Date 6 Sep 2019
Time 5:30 p.m. - 7 p.m.
There are 2,153 billionaires in the world - collectively worth $8.7 trillion, according to the latest Forbes estimates. More and more of them are committing significant amounts of their wealth to philanthropy or investments that seek a positive social impact as well as a financial return.
When Priscilla Chan and Mark Zuckerberg announced in 2015 that they will give 99% of their Facebook shares during their lifetimes to ‘advance human potential and promote equality for all children’, the total amount pledged of $45 billion exceeded the endowments of the Rockefeller, Ford and Carnegie foundations combined and adjusted for inflation. The Bill & Melinda Gates Foundation alone has awarded since its inception grants worth $50.1 billion, and through the Giving Pledge set up in 2010, 204 of the world’s wealthiest individuals have made a public commitment to give away to philanthropic causes the majority of their wealth. Beyond philanthropic giving, wealthy individuals and financial institutions are increasingly interested in investing their money in initiatives that promise to generate positive social and environmental impact, alongside a financial result. The size of the global impact investing market is estimated to be $502 billion as of the end of 2018, and likely to continue to grow.
While some see private money as indispensable to bridging the funding gap of around $5 to $7 trillion required annually to meet the UN Sustainable Development Goals by 2030, others worry about the deeper implications that this approach has for the way we think about the role and responsibility of the state in providing public services in a fair and just society. Others yet go even further, arguing that tax-subsidised philanthropy is actually a subversion of government–for example, in 2014 tax expenditures for charitable giving cost the U.S. Treasury more than $50 billion, funding that could have been directed by government according to the democratic wishes of citizens.
Is philanthropy on this scale diminishing or undermining the role of government when it comes to addressing entrenched social problems? Is large scale giving by wealthy elites stopping deeper questions about structural inequality in society and legitimising a system that favours disproportionately the super-rich? Can more transparency around philanthropic giving and more effective frameworks for cross-sector collaboration help strengthen public accountability?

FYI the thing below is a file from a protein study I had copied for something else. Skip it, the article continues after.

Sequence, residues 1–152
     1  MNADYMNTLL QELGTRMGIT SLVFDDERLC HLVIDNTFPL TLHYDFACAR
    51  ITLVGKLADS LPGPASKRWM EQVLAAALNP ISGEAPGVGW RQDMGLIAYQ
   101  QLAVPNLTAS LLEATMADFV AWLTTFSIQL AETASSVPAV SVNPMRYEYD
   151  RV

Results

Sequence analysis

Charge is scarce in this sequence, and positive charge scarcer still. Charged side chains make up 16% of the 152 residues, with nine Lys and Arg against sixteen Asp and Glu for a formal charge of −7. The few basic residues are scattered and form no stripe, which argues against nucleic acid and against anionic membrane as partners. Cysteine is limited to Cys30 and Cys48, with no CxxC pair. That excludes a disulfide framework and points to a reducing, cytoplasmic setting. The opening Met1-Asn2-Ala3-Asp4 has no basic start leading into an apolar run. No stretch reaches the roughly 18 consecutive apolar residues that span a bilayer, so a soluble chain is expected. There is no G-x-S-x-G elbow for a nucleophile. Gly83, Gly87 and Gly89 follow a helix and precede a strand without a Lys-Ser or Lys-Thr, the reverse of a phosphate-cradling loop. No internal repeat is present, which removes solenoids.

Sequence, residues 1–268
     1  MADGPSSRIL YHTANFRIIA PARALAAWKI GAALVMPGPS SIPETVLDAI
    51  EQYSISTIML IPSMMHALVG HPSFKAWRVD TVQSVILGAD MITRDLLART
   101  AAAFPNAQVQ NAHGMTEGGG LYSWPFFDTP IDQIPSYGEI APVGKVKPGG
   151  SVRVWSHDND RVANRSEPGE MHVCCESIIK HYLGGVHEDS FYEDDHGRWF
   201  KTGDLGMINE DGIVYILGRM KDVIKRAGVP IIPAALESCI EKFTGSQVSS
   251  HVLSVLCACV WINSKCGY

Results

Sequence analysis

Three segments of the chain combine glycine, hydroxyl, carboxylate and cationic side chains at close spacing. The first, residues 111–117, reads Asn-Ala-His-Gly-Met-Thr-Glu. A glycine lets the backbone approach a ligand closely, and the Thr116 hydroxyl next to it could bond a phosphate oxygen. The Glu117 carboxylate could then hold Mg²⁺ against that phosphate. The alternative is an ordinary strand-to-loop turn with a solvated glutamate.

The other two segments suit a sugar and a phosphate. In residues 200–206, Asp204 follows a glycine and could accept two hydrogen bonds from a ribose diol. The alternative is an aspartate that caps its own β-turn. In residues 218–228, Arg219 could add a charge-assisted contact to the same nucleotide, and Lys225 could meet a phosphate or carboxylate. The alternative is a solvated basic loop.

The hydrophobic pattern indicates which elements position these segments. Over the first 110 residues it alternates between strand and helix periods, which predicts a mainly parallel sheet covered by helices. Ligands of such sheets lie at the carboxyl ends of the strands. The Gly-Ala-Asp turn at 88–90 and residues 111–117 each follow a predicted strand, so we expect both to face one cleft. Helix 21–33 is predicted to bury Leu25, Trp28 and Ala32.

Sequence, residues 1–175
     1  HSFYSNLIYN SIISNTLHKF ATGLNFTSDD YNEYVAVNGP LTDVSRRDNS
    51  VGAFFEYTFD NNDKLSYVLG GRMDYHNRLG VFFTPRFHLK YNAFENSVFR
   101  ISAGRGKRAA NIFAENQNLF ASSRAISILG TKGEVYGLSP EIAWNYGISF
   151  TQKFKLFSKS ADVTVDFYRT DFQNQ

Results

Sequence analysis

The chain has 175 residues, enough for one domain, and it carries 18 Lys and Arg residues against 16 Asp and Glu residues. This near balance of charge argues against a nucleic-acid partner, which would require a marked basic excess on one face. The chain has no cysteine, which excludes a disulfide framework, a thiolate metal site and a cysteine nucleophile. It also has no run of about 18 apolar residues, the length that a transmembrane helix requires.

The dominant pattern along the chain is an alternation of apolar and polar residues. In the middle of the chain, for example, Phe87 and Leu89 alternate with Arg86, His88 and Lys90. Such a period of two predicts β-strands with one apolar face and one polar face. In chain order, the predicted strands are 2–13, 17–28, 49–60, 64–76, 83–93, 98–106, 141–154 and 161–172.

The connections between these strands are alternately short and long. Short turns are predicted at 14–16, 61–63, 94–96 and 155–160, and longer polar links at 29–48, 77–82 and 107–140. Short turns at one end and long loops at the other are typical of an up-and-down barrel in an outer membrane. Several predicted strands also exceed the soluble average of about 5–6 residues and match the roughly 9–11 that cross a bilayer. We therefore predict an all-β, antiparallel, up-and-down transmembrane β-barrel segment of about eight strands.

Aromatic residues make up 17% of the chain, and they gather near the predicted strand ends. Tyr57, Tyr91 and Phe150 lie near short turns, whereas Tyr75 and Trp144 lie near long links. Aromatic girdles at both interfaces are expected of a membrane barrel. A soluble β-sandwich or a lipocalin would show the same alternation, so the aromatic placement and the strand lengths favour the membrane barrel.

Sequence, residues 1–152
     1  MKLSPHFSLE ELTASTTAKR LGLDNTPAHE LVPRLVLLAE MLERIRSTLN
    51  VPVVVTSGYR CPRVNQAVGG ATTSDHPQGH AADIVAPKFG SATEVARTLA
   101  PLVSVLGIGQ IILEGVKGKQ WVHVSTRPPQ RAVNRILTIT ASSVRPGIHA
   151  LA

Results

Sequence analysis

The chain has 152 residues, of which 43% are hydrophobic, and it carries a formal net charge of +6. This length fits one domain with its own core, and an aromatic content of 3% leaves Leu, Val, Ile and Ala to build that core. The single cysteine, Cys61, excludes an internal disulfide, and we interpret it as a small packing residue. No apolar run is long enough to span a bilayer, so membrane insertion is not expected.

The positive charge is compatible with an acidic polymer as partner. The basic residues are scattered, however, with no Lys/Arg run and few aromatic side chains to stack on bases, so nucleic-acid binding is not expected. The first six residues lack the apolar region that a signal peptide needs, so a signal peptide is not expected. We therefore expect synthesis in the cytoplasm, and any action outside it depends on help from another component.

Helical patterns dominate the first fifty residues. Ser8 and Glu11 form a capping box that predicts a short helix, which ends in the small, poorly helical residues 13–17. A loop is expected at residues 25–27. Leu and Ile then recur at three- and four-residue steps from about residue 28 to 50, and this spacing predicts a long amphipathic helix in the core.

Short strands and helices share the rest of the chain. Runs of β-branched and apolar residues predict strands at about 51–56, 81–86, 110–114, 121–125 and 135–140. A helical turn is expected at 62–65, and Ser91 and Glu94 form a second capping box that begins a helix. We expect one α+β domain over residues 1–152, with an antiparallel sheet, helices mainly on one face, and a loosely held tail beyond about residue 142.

The GO Lab is hosting a conversation with Tom Hall, Global Head of Philanthropy Services at UBS and Jonathan Wolff, Professor of Philosophy and Blavatnik Chair in Public Policy, on the practical and ethical implications of these emerging trends in philanthropy and impact investing, and how government can work with philanthropists and businesses to tackle the most pressing challenges in society. The discussion will be moderated by Mara Airoldi, Director of the Government Outcomes Lab.
Jonathan Wolff is the Blavatnik Chair in Public Policy and Governing Body Fellow at Wolfson College. He was formerly Professor of Philosophy and Dean of Arts and Humanities at UCL. His recent work has largely concerned equality, disadvantage, social justice and poverty, as well as applied topics such as public safety, disability, gambling, and the regulation of recreational drugs, which he has discussed in his books Ethics and Public Policy: A Philosophical Inquiry (Routledge 2011) and The Human Right to Health (Norton 2012). His most recent book is An Introduction to Moral Philosophy (Norton 2018).
Earlier works include Disadvantage (OUP 2007), with Avner de-Shalit; An Introduction to Political Philosophy (OUP, 1996, third edition 2016); Why Read Marx Today? (OUP 2002); and Robert Nozick (Polity 1991). He has had a long-standing interest in health and health promotion, including questions of justice in health care resource allocation, the social determinants of health, and incentives and health behaviour. He has been a member of the Nuffield Council of Bioethics, the Academy of Medical Science working party on Drug Futures, the Gambling Review Body, the Homicide Review Group, an external member of the Board of Science of the British Medical Association, and a Trustee of GambleAware. He writes a regular column on higher education for the Guardian.
With over 15 years’ experience working with and advising private clients, Tom is Global Head of Philanthropy Services to help clients identify and achieve their philanthropic and impact investing strategies. Prior to joining UBS in 2013, Tom spent his career in the non-profit sector working with wealthy individuals and companies to deliver award winning, sustainable philanthropic and social investment solutions.
As Director of Philanthropy and Social Investment at the disability charity Scope, he pioneered the use of social investment structures, including the Scope Bond which was the first listed bond issued by an operational charity in the UK. Tom also worked with the cabinet office on the development of the new Social Investment Tax Relief. Earlier in his career, Tom was the first UK employee of the Microloan Foundation securing the investment for the charity to expand into sustainable microfinance business reaching over 20,000 clients a year in Malawi and Zambia.
Tom is a Politics graduate from Exeter University and has professional qualifications in marketing (CIM), fundraising management and financial planning.